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Music |

Getting To Know: Winston Surfshirt

Wednesday 01 November 2017
Words Alice Bell

Winston Surfshirt are unlike most bands out there at the moment. The Australian outfit started out as just one man – Winston himself, a singer, rapper, and producer from Manly in Sydney – before evolving into what is now a six-piece collective producing captivating blends of soul and hip-hop. With an almost religious following earned from a string of raucous live shows and celebrity fans including the likes of Sir Elton John and Zane Lowe, Winston Surfshirt are gaining attention beyond their native Sydney underground live scene, and we wanted to talk to their originator about how it’s all going.


Hi Winston! To start with… How would you describe your musical roots?

Musical roots… Probably from my parents, I think. My dad was into sort of Led Zeppelin and Slade and stuff like that, and then my mum was into like Marvin Gaye and Al Green and Etta James. So yeah, probably my parents.

How do you think your sound has evolved since you moved from a solo act to being part of a six-piece collective?

It got more cohesive, if that makes sense? I don’t know… Like, we seemed to find a sound that was a bit different to what I was doing on my own. But it’s still the same thing, really.

You’ve been in and out of bands for years and you’ve been playing live for a long time. What was your first time playing live like?

First time ever?


God… I don’t even remember! They all just turned into one… and I’ve forgotten about them all! [Laughs]

So what was the scene like when you started out playing live, what’s the general picture that you have?

Well, I was in a band that was sort of Beatles-y songwriting, and we were playing on bills with bands that were like, metal sort of things [laughs]. And they hated us.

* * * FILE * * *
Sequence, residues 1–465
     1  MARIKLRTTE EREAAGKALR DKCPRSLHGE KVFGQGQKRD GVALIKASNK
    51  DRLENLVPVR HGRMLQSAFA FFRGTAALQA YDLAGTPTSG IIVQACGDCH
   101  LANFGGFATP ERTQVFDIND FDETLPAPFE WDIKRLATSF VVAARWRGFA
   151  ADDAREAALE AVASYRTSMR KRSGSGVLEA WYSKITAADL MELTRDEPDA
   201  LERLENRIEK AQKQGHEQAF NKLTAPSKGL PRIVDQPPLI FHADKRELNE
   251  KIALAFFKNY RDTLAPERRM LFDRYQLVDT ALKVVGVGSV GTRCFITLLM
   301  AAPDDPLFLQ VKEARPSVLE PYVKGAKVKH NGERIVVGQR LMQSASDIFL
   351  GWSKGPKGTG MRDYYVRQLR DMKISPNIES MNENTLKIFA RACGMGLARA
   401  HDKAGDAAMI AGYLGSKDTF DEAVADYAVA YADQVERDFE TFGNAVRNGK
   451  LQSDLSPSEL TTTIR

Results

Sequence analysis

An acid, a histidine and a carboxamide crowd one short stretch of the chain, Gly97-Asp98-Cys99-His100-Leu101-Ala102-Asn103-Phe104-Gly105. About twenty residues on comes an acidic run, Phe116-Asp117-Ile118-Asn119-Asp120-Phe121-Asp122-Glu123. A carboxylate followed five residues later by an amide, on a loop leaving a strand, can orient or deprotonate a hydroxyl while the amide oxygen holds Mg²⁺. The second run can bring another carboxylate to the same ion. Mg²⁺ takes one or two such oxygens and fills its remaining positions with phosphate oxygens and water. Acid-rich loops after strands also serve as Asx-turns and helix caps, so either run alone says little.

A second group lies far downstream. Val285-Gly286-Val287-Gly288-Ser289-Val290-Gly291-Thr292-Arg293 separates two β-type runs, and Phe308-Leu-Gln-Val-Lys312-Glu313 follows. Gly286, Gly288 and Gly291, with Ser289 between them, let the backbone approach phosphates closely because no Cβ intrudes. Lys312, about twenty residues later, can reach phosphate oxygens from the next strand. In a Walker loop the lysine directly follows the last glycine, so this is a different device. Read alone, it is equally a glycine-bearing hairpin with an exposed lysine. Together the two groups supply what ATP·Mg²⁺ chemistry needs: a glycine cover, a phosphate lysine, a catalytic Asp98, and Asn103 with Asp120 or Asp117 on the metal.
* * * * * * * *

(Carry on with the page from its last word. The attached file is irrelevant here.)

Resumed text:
So that was a bit strange, but I don’t even remember looking out!

What was it like playing Splendour in the Grass earlier this year?

That was good, that was our first proper festival, proper big one. We played a little one a month before but that one was really good – like, crazy, just to see how many people came.

You met Elton John recently (I am very, very jealous)…


How did that come about and what was he like, what was the day like?

He was so lovely. Just the nicest, coolest guy ever. We asked him how he actually first heard of us and I think Apple Music, who he does a lot of stuff with, send loads and loads of music just to him and he listens to a lot of it, and that one, one of our songs, just stuck out. And he started playing our song on his Beats show, I don’t know if you’ve heard of that, the Rocket Hour. And then yeah, when he was out here he just hit us up and asked if we wanted to come say hey!

Ah, that’s so cool.

It was very cool!

It makes me very happy that he’s very nice.

Ah, he was so lovely.

You’re not the only Australian act that’s making waves internationally at the moment. Why do you think that is – what is it about the Australian music scene at the moment that’s producing so much great music?

I don’t know, I think it’s just that it’s a nice, lovely country! And that’s like… You think it’s always been America and England for so long, and I think Australia’s just… I don’t know… It’s just – the time is right! We’ve had like, Tame Impala set a good credibility for Australia, if that makes sense? Yeah.

Yeah. Are there any other Australian acts that you think the world needs to know about that you don’t feel like they do yet?

That the world needs to know about?

Needs to know about.

God, Australian… There’s a couple of bands that we play with but we just know them live!

It’s also ok to just say yourself!

[Laughs] Nah, if you look up Nasty Mars, he’s the bomb.

Ok. What’s your songwriting process like, what’s the process been like for the last few songs that you’ve written?

It’s the same as it always is – just like sitting in a room all day, making music.

And what’s the best career advice that you’ve ever gotten?

Ever gotten… God – if I didn’t say it was something that Elton John said, I’d be rude! Probably my dad when he was drunk – ‘You’ve just gotta go for it, mate.’

I think that is very solid advice!

Watch the video for ‘Be About You’, the first single from Winston Surfshirt’s debut album Sponge Cake, below.

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